Bed-Stuy Historic District Expanded
NEW YORK—The Landmarks Preservation Commission (LPC) voted on April 16 to expand the Bedford-Stuyvesant and Stuyvesant Heights historic district by 825 buildings.
The new historic district consists mostly of row houses, two-family homes, apartment houses and institutional buildings. The majority of the structures were built in the late 19th century.
Prior to the expansion, the district contained 430 buildings which were landmarked in 1971. The commission held the first public hearing for the proposed expansion in 1993 followed by another in 2011.
“We finally crossed the finish line today, thanks to a great deal of work by the residents, homeowners and leaders of this community,” Commission Chairman Robert B. Tierney stated in a press release.
“We look forward to our continued partnership with them to protect the extraordinary streetscapes of their neighborhood, one of the most renowned in New York City.”
The new area lies within the Bed-Stuy neighborhood in Brooklyn. The area is possibly the first “nicknamed” neighborhood in New York City. Bed-Stuy is also known as “Brownstone Brooklyn” due to the highest concentration of brownstones in the entire city, according to StreetEasy. “The neighborhood of churches” is yet another name for the area, as it contains more than 500 churches, mosques, and synagogues within a mile block radius.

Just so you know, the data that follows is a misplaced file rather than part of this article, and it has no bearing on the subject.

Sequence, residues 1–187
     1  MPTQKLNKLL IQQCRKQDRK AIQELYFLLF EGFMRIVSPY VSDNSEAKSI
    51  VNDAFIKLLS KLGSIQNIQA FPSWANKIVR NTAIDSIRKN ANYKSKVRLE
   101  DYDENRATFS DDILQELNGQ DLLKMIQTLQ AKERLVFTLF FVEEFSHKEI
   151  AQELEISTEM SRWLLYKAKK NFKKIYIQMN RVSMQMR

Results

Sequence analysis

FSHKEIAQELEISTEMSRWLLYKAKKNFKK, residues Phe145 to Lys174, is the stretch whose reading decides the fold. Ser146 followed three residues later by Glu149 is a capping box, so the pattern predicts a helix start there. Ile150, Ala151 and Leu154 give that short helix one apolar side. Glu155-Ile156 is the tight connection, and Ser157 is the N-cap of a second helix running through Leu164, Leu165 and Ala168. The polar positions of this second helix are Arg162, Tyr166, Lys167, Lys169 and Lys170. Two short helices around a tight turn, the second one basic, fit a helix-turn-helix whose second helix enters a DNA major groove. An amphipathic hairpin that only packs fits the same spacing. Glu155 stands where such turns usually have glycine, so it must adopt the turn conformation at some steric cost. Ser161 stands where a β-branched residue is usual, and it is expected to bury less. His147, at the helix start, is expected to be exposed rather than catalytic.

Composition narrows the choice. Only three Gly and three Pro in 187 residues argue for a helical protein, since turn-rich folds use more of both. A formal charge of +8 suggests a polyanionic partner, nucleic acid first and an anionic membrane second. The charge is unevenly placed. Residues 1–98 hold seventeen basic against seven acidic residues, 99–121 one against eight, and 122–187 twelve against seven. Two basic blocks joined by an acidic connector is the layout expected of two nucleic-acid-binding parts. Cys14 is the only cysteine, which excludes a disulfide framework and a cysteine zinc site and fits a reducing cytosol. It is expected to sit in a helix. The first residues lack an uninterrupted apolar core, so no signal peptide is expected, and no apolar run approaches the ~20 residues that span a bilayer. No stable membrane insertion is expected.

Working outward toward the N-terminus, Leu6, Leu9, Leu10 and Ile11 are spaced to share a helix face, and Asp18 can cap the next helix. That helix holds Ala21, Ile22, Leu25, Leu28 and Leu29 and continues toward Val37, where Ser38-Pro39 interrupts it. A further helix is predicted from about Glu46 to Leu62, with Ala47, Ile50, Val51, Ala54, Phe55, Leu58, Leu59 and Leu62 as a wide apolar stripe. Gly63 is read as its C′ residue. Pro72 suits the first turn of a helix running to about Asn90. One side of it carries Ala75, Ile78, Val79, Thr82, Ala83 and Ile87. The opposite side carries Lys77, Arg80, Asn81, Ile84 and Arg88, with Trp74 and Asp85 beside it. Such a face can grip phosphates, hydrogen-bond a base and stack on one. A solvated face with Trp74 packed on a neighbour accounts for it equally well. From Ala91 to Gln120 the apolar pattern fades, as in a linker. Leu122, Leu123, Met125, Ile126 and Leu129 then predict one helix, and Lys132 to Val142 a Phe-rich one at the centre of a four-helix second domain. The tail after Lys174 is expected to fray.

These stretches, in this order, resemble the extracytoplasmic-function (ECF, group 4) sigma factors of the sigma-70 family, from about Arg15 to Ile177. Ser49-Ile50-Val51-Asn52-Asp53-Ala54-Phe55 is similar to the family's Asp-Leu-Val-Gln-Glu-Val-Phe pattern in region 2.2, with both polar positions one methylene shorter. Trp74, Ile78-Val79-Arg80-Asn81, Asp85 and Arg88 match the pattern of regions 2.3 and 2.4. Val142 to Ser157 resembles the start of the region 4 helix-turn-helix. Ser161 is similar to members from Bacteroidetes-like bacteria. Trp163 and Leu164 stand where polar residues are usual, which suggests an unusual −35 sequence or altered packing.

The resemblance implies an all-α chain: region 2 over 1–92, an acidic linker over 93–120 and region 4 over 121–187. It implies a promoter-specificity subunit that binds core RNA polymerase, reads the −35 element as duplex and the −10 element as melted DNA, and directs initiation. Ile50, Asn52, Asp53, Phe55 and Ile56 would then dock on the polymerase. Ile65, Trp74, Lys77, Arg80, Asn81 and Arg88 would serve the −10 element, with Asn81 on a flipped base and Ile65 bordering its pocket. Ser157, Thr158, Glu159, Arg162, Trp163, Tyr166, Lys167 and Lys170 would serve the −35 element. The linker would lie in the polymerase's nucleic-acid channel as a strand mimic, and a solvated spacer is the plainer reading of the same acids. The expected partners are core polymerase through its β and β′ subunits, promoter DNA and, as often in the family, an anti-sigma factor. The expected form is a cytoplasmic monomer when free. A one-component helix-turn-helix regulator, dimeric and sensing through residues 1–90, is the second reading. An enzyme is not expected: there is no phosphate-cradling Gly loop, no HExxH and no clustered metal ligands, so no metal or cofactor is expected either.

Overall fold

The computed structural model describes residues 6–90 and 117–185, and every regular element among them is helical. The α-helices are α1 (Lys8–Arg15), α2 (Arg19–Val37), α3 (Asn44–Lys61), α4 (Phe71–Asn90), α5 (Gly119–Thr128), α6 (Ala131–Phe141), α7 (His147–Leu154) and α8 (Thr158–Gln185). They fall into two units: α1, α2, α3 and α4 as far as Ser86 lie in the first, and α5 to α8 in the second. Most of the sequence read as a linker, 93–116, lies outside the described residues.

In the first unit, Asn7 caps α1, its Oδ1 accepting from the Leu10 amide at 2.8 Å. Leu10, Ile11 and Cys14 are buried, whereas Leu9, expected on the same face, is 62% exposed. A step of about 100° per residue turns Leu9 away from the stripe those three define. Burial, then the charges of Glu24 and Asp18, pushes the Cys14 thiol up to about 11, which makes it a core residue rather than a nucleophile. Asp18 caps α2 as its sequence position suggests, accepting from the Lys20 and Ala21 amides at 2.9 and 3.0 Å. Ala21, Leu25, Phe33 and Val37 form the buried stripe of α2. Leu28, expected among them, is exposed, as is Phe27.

Bed-Stuy was settled by the Dutch in the 17th century. In the 19th and early 20th centuries the neighborhood was inhabited by New Englanders, and immigrants from Ireland and Germany. Starting in the 1930s a large number of Carribean immigrants and African-Americans started moving in. As a result, by 1950s, Bed-Stuy became known as “Brooklyn’s Harlem.”
The area took a major hit during the economic downturn in the 1960s with thousands of properties being abandoned. The situation was turned around with the help of the Bedford-Stuyvesant Restoration Corporation, which was formed in 1967 to create jobs and rehabilitate existing housing.
“Bedford-Stuyvesant I call the antiques road show, but only with houses,” Morgan Munsey, architectural historian and researcher for the Bedford-Stuyvesant Society for Historical Preservation told StreetEasy. “It’s like having a Van Gogh in your attic and not know about it.”
Since its creation in 1965, the LPC has granted landmark status to over 31,000 buildings.